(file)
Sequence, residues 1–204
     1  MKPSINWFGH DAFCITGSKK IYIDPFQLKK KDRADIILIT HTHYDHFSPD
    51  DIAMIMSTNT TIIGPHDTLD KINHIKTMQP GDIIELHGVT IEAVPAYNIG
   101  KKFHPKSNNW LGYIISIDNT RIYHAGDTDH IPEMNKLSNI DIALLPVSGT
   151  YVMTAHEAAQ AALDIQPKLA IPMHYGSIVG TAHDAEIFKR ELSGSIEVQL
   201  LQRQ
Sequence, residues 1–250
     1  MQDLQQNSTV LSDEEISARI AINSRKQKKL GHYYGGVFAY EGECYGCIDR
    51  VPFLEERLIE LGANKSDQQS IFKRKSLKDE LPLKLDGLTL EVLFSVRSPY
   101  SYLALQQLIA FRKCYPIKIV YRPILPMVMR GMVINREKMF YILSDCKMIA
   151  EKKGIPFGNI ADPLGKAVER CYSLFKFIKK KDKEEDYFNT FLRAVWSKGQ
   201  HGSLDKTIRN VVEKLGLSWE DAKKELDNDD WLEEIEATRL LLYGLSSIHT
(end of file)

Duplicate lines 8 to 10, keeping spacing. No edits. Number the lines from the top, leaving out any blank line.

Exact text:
     1  MQDLQQNSTV LSDEEISARI AINSRKQKKL GHYYGGVFAY EGECYGCIDR
    51  VPFLEERLIE LGANKSDQQS IFKRKSLKDE LPLKLDGLTL EVLFSVRSPY
   101  SYLALQQLIA FRKCYPIKIV YRPILPMVMR GMVINREKMF YILSDCKMIA